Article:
Thrusting back evil and setting virtue on her seat again

From Alex Ross’ piece in the New Yorker on Philip Glass:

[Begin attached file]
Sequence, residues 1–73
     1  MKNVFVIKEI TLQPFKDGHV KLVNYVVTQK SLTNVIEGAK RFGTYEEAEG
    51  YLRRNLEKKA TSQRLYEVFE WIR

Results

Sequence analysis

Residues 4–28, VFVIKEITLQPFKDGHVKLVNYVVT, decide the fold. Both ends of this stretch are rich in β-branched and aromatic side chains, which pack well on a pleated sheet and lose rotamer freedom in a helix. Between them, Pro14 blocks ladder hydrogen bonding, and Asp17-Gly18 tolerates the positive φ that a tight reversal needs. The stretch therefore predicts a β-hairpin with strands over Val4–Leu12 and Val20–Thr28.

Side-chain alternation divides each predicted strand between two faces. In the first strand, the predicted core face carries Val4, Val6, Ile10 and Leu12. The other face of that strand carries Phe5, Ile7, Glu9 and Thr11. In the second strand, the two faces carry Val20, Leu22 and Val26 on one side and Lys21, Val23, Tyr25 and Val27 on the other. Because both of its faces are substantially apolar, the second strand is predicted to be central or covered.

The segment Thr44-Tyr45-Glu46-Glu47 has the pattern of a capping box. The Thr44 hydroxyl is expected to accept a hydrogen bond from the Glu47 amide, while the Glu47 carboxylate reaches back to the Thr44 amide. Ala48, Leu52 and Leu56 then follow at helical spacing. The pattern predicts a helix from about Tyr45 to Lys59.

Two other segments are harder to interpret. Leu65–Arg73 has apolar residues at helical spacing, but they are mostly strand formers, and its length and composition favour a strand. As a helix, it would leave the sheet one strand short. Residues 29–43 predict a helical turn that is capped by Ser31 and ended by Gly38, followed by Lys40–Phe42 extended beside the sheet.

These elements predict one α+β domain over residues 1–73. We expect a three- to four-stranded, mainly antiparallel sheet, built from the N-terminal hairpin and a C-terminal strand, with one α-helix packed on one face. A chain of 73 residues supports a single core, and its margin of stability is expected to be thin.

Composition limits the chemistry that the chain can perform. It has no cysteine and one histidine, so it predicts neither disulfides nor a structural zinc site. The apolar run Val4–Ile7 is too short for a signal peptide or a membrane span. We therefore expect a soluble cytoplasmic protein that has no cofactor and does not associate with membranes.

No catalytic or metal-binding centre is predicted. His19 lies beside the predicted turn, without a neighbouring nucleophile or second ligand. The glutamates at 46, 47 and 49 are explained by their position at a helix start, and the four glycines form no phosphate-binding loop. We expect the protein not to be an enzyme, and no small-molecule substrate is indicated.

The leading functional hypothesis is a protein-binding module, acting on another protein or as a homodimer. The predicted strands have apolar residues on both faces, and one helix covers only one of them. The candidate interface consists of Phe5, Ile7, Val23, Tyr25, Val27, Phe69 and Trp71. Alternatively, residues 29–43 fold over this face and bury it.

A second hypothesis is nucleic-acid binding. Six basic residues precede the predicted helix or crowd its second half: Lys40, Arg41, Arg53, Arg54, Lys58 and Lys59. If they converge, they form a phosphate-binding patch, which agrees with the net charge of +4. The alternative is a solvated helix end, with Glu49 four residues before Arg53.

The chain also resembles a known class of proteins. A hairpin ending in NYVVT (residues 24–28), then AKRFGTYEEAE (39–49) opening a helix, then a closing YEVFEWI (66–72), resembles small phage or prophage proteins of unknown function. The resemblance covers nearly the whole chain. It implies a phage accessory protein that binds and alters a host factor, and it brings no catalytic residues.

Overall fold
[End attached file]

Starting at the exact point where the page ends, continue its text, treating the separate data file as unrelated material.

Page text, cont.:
The contradictions inherent in presenting a Gandhi opera at one of the world’s most richly endowed performing-arts institutions, even as protests against income inequality erupted downtown, inspired a notable demonstration on the last night of the run. A group allied with Occupy Wall Street gathered at the edge of Lincoln Center Plaza, berating the police, Mayor Michael Bloomberg, and the right-wing billionaire David H. Koch, a Lincoln Center donor. When “Satyagraha” ended and operagoers left the Met, some defied a police barricade and joined the protest. Glass did as well, and he addressed the crowd, making use of the “human microphone” of call and response. All he did was to utter the final lines of the opera: “When righteousness withers away and evil rules the land, we come into being, age after age, and take visible shape, and move, a man among men, for the protection of good, thrusting back evil and setting virtue on her seat again.” He said those words twice more, mingled for a little while, got a cab, and went home. As in the greatest moments of his music, Glass delivered a message of awe-inspiring simplicity.

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